High production, calving, transportation, surgical interventions, and diseases produce severe stress in cattle, resulting in poor performance and severe economic losses.

Singh et al. (1997) demonstrated adaptogenic anti-stress activities of Zeetress in heavy crossbreed cattle during hot summer (107-113°F). Thirteen healthy crossbred animals were selected for the study. Their milk yield, haematological and biochemical parameters were recorded for 15 days prior to the administration of Zeetress. Then a course of Zeetress was administered as per the recommended dose and schedule. The above mentioned parameters were recorded after the treatment and compared with the values recorded before the treatment. It was observed that there was significant improvement in the milk yield (28.87%) and in total serum protein (9.33%) after treatment. The neutrophil:lymphocyte ratio was also reduced (9.23%) after treatment, confirming the adaptogenic anti-stress activity of Zeetress.

Immuno-modulatory effect of Zeetress

Brekhman and Dardymov (1969) opined that adaptogenic agents should not only be tested for their anti-stress property, but also for their immuno-competence. There is evidence that certain adaptogens, particularly medicinal plants, increase the resistance against adverse effects of a number of extraneous factors of physical, chemical, or biological origin.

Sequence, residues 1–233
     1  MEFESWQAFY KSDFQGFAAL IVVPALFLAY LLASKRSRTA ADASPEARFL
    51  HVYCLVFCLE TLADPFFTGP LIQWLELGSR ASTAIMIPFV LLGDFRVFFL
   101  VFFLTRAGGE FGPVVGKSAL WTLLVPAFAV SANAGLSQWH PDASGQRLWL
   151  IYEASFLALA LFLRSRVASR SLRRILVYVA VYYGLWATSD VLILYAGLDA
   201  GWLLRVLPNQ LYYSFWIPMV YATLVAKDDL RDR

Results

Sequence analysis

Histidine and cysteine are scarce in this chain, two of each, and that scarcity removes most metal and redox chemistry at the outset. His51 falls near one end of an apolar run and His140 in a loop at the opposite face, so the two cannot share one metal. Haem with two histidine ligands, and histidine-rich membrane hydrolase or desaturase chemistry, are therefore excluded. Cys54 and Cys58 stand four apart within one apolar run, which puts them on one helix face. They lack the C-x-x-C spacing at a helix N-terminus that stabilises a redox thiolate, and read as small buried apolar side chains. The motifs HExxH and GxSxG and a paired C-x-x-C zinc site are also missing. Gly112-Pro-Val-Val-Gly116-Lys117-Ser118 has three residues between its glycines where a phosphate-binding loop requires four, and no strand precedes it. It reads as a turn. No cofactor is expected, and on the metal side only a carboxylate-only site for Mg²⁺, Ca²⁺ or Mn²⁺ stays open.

Ghosal et al. (1989) indicated possible immuno-modulatory effects of sitoindosides IX and X (glycowithanolides) from W. somnifera which is one of the major components of Zeetress.

Pande and Vijaykumar (1994) successfully demonstrated the immuno-modulating effect of Zeetress in commercial broilers by studying the broilers' antibody titres. They observed that the antibody titres against Newcastle disease (ND) significantly improved in the group treated with Zeetress compared to the titres in the control group (Table 9). Also weight gain and feed conversion were better in the treatment group with both groups being kept under the same feeding, management, and health coverage scheme. The results confirmed the stimulation of the humoral immune response through Zeetress.

Table 9. Newcastle disease antibody titres, body weight, and food conversion rate in broilers without and with Zeetress (Pande and Vijaykumar 1994).